Now that cloud computing has been deemed beneficial for companies, it is only a matter of time before most of them move their IT services to the cloud. And, according to a report by TechSoup Global, it isn’t just businesses making the switch.
The 2012 Global Cloud Computing Survey revealed that 90 percent of non-governmental organizations around the world use cloud computing for at least one work-related function. More than half of NGOs (53 percent) plan to move the majority of their IT services online in the next three years.
“By sharing the voices of NGOs with the sector as a whole, this survey will allow us to better use cloud computing to improve organizations’ effectiveness, collaboration and access to data,” said Rebecca Masisak, co-CEO of TechSoup Global.
Nearly 80 percent of respondents said online databases make software administration more convenient, while 47 percent said “cost-related changes and ease of setup” would likely be the biggest advantages.
The survey polled 10,500 NGOs in 88 countries.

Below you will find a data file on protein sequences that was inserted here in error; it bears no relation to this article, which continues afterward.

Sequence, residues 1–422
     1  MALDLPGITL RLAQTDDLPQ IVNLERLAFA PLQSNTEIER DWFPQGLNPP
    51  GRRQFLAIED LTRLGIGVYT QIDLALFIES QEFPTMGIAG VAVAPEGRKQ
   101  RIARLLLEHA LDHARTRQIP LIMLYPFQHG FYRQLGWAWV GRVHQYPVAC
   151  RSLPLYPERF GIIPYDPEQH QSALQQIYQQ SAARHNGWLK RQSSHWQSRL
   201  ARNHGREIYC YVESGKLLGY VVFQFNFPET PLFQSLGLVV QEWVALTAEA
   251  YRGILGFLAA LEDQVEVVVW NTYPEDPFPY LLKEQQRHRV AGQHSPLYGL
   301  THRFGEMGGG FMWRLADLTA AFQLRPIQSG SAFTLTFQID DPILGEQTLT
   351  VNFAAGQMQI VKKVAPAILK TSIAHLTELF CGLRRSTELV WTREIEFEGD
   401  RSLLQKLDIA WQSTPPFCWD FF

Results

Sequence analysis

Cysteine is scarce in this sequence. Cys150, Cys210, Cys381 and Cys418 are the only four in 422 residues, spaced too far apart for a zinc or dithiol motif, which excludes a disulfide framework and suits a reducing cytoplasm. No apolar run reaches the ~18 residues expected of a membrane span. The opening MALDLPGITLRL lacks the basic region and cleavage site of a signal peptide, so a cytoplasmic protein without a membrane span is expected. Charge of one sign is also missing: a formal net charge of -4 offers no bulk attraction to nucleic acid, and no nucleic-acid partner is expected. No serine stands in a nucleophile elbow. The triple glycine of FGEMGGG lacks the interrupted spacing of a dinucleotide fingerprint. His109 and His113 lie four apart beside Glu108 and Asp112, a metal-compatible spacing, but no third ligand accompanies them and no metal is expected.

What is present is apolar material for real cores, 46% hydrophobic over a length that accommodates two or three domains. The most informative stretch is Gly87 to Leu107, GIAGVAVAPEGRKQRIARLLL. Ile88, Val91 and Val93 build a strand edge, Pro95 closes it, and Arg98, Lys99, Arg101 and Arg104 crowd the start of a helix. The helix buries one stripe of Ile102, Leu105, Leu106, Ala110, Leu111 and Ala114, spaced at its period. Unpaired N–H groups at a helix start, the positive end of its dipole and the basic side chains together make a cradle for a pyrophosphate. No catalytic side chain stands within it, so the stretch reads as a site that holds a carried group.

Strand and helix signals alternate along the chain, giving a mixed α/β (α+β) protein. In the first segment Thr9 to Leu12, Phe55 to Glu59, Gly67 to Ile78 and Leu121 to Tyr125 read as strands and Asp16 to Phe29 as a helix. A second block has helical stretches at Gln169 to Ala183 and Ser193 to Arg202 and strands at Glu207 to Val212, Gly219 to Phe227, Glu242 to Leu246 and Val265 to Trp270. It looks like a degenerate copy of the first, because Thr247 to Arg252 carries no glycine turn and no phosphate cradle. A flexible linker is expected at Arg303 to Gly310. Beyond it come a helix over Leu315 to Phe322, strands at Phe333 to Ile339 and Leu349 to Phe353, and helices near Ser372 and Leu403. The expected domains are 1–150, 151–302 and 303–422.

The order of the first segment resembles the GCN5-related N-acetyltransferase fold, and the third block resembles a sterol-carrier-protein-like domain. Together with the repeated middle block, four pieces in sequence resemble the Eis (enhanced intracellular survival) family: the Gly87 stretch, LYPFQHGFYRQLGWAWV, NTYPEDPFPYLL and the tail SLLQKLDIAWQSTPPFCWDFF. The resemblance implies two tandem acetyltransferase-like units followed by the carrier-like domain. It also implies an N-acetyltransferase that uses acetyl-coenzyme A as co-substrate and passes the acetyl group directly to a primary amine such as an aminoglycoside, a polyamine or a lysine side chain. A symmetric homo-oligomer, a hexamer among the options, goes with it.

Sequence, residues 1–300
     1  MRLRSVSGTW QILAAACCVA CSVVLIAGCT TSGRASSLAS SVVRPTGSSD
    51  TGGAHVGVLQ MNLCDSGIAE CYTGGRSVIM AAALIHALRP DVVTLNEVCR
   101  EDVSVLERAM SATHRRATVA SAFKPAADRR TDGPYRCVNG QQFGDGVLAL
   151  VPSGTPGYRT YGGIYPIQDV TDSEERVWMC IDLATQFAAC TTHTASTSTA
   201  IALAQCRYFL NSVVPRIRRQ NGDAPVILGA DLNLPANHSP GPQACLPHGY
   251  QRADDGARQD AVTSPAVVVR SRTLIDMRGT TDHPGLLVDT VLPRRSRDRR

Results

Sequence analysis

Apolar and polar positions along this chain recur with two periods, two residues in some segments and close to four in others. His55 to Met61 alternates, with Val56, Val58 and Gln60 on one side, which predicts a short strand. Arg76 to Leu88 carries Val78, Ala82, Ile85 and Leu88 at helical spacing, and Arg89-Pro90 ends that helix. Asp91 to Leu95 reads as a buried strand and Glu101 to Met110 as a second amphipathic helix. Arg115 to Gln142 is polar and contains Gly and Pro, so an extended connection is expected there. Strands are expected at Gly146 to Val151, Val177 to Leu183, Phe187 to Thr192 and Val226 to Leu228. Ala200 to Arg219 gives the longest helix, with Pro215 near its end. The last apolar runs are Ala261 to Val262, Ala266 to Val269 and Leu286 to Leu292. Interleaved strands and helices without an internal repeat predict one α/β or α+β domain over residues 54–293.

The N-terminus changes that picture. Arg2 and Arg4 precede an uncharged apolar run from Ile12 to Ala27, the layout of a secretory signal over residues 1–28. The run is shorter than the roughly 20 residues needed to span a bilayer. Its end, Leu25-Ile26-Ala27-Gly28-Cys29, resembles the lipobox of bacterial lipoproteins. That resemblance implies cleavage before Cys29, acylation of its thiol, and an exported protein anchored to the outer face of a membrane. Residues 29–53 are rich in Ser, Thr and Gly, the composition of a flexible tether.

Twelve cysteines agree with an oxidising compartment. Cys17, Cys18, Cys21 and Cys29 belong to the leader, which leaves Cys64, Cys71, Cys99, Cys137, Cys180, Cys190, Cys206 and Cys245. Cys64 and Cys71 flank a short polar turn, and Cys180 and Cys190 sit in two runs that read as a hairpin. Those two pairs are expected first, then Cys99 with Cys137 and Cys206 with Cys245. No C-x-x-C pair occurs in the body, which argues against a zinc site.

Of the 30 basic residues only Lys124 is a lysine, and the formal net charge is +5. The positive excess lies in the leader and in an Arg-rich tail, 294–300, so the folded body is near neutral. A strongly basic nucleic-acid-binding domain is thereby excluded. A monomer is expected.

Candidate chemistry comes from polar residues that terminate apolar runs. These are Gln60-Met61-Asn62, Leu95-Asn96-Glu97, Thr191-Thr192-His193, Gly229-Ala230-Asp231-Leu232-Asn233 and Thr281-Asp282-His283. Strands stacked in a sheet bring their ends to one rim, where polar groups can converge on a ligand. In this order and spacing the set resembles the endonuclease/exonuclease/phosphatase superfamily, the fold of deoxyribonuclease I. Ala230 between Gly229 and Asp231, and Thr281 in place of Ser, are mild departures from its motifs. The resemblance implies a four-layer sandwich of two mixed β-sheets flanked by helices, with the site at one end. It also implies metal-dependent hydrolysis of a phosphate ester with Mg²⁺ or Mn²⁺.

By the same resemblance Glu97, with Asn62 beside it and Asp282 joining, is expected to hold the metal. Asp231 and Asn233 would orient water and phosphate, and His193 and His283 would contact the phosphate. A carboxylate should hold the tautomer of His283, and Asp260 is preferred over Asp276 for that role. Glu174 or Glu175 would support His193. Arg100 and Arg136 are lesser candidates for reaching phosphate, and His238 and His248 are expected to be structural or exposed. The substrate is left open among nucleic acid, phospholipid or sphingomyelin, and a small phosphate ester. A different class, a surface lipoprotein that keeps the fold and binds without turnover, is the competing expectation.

Although cost-efficiency is arguably the cloud’s must publicized benefit, it is no longer the only focus for companies that use it. An InformationWeek 500 survey of some of the United States’ most innovative tech businesses found that cloud services are now being implemented to enhance the company-customer relationship as well.
Nearly half the companies listed business efficiency as the top priority behind investing in cloud computing, while “introducing new IT-led products and services for customers” was second at 46 percent.
Customer experience, particularly for websites, achieved 31 percent of the vote, and engaging customers in new ways received 30 percent. Only 29 percent of respondents said cost-efficiency was a top priority of cloud services, compared to 47 percent in 2009.